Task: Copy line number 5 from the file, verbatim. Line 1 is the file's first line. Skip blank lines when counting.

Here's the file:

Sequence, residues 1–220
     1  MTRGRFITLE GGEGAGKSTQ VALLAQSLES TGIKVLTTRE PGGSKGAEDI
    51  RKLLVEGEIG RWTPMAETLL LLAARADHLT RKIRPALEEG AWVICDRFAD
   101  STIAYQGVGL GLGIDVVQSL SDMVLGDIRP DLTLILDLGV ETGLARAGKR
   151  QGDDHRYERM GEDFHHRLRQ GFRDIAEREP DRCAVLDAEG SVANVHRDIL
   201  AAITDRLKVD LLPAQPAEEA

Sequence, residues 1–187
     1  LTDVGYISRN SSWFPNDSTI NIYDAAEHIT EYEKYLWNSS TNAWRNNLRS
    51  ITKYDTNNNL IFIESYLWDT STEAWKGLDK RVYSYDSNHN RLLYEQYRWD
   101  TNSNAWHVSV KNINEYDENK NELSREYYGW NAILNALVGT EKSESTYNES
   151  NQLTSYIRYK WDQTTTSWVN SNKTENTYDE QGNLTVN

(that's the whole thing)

   151  QGDDHRYERM GEDFHHRLRQ GFRDIAEREP DRCAVLDAEG SVANVHRDIL